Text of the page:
I was on a winter night’s horse-drawn sleigh ride in Banff, Canada. The night was freezing cold but bright and clear. We were traveling down a frozen river that ran through the picturesque town, cuddling under warm blankets, enjoying the brilliant stars and the sound of the horse’s hooves on the ice as we glided along. I didn’t think it could get better than that, but it did. Much, much better. That cold, icy ride rekindled a fire that had been smoldering inside me for more than 20 years. As I gazed dreamily into the winter wonderland I was surrounded in, suddenly a vision appeared that would forever change my life. No, I didn’t see God, but I did see an angel in the form of a horse stepping onto the ice upon which a young girl effortlessly rode bareback. As I watched them trot gracefully up the river, I knew in that instant that I wanted to be that girl – that it should have been me. I could not think of anything or anyplace I would rather be experiencing in my life that would give me more pleasure than to be living my life like that. I was so moved that my heart actually ached. I knew I had to get horses back into my life and when I did, I was going to have that kind of a relationship with my horse. I asked around about the girl and her horse and the story was that she rode her horse to work every evening. She worked in a popular local restaurant until 10:00 p.m. or so while her horse waited patiently for her in the snowy parking lot and then together they traversed the frozen river in the moonlight. You could just feel how strong the bond between them was by the ease of their movements. It was as if they were one being – It was one of the most beautiful sights I have ever seen to this day.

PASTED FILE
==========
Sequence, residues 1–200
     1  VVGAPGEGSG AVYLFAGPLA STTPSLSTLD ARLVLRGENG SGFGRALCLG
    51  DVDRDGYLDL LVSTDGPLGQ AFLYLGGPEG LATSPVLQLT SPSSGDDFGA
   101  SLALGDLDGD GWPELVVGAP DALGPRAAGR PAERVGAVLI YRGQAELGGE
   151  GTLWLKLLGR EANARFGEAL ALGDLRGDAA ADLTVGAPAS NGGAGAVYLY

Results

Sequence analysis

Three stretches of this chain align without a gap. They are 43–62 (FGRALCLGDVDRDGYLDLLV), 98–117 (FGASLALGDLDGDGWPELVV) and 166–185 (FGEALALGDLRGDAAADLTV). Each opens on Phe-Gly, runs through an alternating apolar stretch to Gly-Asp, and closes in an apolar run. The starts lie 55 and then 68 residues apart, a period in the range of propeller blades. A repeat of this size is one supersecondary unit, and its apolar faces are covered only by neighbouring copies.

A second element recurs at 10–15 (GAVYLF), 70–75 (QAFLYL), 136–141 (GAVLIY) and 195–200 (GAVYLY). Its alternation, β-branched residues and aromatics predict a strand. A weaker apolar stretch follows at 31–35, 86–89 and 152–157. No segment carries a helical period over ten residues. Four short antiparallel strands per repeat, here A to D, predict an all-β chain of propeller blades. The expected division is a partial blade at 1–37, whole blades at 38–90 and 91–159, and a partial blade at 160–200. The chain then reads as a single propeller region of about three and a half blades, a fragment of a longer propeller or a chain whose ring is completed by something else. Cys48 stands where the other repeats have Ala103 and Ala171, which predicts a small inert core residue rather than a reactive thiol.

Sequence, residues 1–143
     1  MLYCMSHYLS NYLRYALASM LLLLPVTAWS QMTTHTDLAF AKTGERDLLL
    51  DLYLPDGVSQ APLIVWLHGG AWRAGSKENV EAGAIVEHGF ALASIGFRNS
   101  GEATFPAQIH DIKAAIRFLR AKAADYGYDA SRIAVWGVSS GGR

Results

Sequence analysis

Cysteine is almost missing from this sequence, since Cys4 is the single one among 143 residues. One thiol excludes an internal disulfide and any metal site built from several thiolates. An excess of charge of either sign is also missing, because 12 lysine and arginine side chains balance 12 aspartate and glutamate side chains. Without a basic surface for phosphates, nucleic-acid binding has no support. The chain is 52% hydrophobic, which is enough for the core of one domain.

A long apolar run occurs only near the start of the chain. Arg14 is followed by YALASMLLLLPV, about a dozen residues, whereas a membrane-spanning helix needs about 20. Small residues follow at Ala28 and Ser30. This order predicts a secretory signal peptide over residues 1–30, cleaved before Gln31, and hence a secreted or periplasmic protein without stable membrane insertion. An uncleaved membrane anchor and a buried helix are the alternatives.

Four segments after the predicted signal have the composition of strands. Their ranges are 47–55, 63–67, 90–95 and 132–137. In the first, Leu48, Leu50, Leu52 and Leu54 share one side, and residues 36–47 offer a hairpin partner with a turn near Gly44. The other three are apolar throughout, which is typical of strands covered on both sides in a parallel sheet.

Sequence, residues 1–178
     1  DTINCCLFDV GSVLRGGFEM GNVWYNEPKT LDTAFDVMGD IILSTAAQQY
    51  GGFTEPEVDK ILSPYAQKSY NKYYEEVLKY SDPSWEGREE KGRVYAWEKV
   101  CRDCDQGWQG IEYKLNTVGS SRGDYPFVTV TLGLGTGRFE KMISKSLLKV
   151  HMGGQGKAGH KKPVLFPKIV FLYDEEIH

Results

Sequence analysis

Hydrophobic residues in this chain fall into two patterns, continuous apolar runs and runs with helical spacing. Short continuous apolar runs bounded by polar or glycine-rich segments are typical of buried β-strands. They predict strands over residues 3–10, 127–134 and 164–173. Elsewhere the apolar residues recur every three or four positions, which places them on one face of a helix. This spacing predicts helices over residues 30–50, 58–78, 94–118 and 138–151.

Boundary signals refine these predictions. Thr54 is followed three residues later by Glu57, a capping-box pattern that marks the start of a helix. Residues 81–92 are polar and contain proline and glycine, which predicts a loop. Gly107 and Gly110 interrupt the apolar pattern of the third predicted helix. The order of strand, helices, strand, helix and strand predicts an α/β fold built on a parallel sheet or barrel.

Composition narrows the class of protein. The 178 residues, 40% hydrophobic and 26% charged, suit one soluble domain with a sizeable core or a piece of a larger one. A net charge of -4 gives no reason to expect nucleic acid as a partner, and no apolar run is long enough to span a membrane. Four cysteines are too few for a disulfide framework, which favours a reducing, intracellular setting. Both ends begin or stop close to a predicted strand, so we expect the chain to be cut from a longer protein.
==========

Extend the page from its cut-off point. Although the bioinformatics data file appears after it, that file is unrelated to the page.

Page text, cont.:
Back in my life & better than ever
Such bittersweet memories of a very similar relationship with my horse many years ago -a lifetime ago -of a spirited 3/4 Arabian. 1/4 Thoroughbred mare named Blaze that only I could ride, and the fearless, passionate young girl I had once been. I hadn’t had a horse for many, many years and the love was buried under life’s circumstances. I realized in that moment that the ember had continued to glow and it was time to fan the fire. It wasn’t long before horses were in my life again stronger than ever. Now they are my heaven on earth as you have probably noticed by now.
But if you think you’ll convince me to be changing my ways – You’ve got another think coming because I know what pays